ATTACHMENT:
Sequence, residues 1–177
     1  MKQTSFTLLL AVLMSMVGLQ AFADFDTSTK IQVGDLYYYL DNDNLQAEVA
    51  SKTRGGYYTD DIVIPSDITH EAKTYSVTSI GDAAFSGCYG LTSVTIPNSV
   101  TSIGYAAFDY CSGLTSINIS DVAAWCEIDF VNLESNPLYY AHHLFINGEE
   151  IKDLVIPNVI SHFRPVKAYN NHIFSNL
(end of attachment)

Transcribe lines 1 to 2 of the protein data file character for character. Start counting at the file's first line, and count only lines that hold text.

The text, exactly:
Sequence, residues 1–177
     1  MKQTSFTLLL AVLMSMVGLQ AFADFDTSTK IQVGDLYYYL DNDNLQAEVA